What you will notice if you look at all of them is one simple emerging pattern: they became richer when they became freer. And how do they become freer? The state becomes less involved in the private lives of people, whether it is socially or economically.

The China of today is not very free, but it is much much freer than the China of yesterday in almost all respects. This is the common pattern for every country that developed without merely depending on an abundant natural resource like oil. And even among those that discovered some precious resource, it is those countries that pursued more freedom that gained the most from it.

When most Zambians are asked why Botswana developed so much despite starting off extremely poor, they say it is because of their diamonds. This wrong answer is the result of not examining a wider list of African countries to notice what made Botswana different. There were many other countries that were rich in minerals and other resources in Africa, and some even have oil. But they didn’t improve their lives that much. What Botswana had was a president called Seretse Khama who was hesitant to join in the nonsense of socialism that was popular among the other African countries. He decided to introduce more private freedom while the other countries were increasing state power and therefore reducing private freedom. As a result, Botswana became the fastest growing economy in the world, not just in Africa.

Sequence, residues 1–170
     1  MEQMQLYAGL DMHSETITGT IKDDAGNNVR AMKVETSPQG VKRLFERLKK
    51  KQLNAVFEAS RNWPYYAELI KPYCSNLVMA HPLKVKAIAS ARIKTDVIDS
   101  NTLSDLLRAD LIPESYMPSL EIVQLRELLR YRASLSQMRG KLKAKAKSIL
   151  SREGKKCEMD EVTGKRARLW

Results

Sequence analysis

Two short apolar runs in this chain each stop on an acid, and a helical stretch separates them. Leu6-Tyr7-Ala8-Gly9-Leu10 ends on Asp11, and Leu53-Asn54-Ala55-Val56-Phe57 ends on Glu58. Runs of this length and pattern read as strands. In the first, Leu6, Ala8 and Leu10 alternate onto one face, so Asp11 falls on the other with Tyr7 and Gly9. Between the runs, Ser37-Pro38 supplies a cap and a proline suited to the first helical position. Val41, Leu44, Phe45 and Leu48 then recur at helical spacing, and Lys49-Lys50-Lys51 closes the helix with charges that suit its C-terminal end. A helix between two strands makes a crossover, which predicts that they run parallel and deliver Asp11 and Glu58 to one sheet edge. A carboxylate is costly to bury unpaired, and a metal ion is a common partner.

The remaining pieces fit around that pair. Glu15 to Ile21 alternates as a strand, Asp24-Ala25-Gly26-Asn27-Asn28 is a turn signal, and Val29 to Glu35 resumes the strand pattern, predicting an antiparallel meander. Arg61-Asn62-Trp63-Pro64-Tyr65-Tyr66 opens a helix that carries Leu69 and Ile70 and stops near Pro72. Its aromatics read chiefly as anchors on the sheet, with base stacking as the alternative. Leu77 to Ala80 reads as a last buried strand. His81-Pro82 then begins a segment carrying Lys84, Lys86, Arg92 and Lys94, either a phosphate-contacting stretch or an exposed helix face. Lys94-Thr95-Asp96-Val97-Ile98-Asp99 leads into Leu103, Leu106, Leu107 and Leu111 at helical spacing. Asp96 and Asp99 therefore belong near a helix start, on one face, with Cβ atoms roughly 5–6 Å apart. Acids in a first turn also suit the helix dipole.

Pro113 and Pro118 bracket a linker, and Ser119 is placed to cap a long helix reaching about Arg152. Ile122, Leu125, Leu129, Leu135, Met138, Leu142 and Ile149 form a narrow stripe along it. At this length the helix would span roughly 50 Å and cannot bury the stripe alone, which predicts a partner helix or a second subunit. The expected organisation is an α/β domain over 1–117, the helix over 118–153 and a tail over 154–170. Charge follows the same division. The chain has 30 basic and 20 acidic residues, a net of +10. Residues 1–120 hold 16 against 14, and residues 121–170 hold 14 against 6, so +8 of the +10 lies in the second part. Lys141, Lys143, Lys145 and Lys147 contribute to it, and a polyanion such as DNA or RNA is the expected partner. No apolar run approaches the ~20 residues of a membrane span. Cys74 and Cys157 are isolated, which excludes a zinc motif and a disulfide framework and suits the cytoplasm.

China introduced more freedoms for the private sector by reducing the involvement of the state significantly. Some of its current state enterprises are just the last things to go. Instead of observing what direction they have been going, the Zambian government is imitating the things that are on their way out (if China wants to develop further). This would be like a new country that is poorer than Zambia imitating us by nationalizing its power company since our own ZESCO is in national hands; this new country would not know that our trend has been away from parastatals even though we didn’t finish getting rid of all of them. But that’s how we started halting the bulk of Kaunda’s misguided socialist policies that destroyed all the little wealth we had at independence. For Zambia to now imitate the wrong parts of China is a really stupid mistake.

Mr. Sata will be shocked when he learns that copying China will make Zambia worse than where it is, not just economically but politically (cracking down on press freedom, free speech, etc). Had he correctly observed China in the context of other nations and its own historical trend, he would have seen that he is copying things that China itself has been progressively and systematically reducing on. To learn this, you don’t need to send an expensive delegation to China; the whole history of China is on the web and you could have looked it up from your offices. Here is a summary quote from the Wikipedia page on China’s economy that tells you why their economy has been growing so fast in the last three and a half decades:

“Since 1978, China began to make major reforms to its economy. The Chinese leadership adopted a pragmatic perspective on many political and socioeconomic problems, and quickly began to introduce aspects of a capitalist economic system.”

Zambians are quickly reintroducing more aspects of China’s dying socialist economic system while the Chinese have been quickly introducing more aspects of a capitalist economic system!